Lesson 3 – Acceleration Due to Gravity

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Lesson 3 – Acceleration Due to Gravity. Minds-On. *this slide is not intended to be shown in class Materials: 2 sheets of paper, 1 rubber ball.

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### Lesson 3 – Acceleration Due to Gravity

Minds-On

*this slide is not intended to be shown in class

Materials: 2 sheets of paper, 1 rubber ball.

Demo: Take 2 identical sheets of paper. Show students they are identical. Crumple one sheet into a ball. Hold out the uncrumpled sheet in one hand and the crumpled one in the other. Ask students which will hit the ground first. Release both. Ask students why the crumpled sheet hit the ground first. Part 2: Take crumpled sheet in one hand and a rubber ball in the other. Show students the mass of the rubber ball is greater than the crumpled sheet. Ask them which will hit the ground first. Proceed to drop both (if sheet is crumpled sufficient, they should hit the ground simultaneously). Ask students why they hit the ground simultaneously even though the mass of the rubber ball is greater. Clickers here

Acceleration Due to Gravity
• Acceleration due to gravity (g) is the acceleration of an object falling vertically towards the Earth’s surface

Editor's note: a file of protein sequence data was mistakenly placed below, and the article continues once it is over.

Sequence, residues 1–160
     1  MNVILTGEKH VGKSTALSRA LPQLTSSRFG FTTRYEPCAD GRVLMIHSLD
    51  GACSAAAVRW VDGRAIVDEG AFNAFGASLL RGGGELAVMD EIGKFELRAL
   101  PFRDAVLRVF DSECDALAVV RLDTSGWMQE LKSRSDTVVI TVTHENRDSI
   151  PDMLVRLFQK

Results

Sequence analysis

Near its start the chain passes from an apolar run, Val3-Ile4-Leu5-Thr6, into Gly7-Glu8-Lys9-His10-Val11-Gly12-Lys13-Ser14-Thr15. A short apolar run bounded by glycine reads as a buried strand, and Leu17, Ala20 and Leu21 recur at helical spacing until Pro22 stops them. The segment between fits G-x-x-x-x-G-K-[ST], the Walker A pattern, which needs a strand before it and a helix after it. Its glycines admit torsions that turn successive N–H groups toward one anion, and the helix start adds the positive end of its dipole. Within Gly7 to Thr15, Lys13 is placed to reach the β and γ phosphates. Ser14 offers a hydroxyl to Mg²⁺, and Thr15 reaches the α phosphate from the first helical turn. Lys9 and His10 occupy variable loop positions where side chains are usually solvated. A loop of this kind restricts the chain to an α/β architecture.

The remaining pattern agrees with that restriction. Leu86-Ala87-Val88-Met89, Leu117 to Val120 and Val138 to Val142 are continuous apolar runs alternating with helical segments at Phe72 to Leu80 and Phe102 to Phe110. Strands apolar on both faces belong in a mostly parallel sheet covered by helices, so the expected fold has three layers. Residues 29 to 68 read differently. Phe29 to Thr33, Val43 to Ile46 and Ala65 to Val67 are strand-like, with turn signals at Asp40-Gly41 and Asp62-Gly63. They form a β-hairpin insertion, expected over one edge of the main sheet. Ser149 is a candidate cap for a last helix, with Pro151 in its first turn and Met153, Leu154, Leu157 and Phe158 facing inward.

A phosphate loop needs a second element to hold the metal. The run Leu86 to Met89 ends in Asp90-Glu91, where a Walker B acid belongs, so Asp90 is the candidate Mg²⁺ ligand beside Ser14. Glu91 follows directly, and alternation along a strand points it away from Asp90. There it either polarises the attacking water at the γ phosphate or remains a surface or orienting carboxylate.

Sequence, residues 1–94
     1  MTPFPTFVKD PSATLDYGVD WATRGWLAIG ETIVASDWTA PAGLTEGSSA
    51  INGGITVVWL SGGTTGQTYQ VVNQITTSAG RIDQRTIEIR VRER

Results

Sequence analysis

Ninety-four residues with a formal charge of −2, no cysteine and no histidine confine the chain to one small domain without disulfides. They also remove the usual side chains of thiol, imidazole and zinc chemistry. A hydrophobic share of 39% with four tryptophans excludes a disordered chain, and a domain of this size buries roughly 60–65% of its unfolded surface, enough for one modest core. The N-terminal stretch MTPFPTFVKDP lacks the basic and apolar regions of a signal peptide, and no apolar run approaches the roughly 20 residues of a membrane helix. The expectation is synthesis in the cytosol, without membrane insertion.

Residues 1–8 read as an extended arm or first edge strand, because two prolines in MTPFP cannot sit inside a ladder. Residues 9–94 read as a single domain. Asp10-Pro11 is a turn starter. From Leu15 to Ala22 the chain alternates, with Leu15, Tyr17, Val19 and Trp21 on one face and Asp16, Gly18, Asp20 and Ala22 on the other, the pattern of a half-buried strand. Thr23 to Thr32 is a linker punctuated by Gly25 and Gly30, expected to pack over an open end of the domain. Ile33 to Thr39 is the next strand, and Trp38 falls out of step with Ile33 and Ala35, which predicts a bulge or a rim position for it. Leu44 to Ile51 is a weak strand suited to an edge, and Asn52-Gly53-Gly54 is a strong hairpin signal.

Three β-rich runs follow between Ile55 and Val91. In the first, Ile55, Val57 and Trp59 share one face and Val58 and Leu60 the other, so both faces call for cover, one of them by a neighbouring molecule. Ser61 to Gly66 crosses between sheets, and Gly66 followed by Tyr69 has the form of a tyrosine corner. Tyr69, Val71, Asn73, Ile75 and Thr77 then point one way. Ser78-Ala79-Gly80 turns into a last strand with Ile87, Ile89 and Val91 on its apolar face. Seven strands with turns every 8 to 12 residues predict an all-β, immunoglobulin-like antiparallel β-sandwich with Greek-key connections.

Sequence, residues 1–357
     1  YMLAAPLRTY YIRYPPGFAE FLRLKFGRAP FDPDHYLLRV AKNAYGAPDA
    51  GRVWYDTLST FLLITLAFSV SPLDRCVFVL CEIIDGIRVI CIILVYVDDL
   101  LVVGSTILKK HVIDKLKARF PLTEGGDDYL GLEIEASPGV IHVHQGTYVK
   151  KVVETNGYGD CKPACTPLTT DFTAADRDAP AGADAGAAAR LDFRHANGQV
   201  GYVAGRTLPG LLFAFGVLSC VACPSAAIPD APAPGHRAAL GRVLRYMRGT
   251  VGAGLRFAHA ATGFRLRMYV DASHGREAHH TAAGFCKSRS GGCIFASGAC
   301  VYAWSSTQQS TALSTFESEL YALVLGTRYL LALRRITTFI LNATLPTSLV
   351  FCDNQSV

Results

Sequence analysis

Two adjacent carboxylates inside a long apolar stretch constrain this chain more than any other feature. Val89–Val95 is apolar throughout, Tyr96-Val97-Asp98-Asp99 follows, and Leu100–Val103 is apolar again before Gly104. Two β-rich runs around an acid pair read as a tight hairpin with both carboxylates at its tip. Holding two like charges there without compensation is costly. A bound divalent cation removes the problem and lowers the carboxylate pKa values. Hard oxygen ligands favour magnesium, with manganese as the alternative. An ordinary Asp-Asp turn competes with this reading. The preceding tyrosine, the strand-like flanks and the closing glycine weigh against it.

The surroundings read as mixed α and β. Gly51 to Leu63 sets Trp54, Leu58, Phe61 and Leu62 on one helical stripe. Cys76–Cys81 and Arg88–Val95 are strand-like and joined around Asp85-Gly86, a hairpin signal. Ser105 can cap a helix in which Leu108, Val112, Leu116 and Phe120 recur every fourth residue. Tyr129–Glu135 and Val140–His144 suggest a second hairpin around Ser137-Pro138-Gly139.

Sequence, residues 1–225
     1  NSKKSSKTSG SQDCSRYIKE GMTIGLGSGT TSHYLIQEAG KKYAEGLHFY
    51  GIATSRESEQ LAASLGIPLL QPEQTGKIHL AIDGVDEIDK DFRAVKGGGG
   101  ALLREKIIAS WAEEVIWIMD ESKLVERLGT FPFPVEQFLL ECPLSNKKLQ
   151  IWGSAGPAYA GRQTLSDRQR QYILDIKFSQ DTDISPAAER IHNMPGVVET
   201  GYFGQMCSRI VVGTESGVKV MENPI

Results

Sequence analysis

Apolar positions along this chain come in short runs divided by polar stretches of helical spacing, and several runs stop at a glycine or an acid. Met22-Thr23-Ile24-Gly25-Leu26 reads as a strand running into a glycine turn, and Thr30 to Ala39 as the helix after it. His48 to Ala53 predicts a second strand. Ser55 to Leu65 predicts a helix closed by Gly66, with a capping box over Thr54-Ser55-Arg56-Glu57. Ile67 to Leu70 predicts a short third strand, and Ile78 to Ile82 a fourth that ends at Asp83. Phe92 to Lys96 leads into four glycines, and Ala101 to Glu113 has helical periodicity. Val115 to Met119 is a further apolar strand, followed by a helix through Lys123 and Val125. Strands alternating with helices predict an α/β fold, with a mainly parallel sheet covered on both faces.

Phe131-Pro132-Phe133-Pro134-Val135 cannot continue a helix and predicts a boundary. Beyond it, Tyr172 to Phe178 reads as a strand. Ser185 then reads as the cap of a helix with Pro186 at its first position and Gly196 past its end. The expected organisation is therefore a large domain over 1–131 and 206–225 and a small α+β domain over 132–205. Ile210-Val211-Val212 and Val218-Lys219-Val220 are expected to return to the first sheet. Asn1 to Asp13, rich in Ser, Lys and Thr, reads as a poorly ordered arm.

• From observation, it would appear that objects fall to the earth at different rates (e.g. a paper ball and a piece of paper dropped from the same height do not hit the ground at the same time)
• However, if air resistance is neglected, falling objects would only be affected by the earth’s gravity and they fall at the same rate
Acceleration due to Gravity -
• Acceleration due to the earth’s gravity is quantified as:
Around the Earth
• Gravity on the earth is affected by the earth’s mass, radius, and oblate shape
• Thus, gravity varies slightly depending on location. In general, the greater the distance from the Earth’s centre, the lower the acceleration due to gravity
Solving Gravity Problems
• When calculating questions involving free fall one can simply use the five constant acceleration equations (Big 5) for uniformly accelerated motion that have been previously presented
• Example 1: A ball is thrown directly up with a velocity of 12.1 m/s. Ignore air resistance
• What is the maximum height the ball will reach?
• How long does it take the ball to return to its maximum height & original position?
Solving Gravity Problems
• What variables do we have?

(note that in our example is the same as )

• What variable are we solving for?

Δ

• So which equation should we choose?
Solving the Equation

Rearrange equation to solve for :

Exit Ticket
• What is acceleration due to gravity in m/s2 on earth?
• Why is gravity not exactly the same everywhere on earth?
• Why do more massive objects not fall any faster than less massive objects?
Homework

Nelson Physics 12 Textbook (2001):

Questions 6 - 10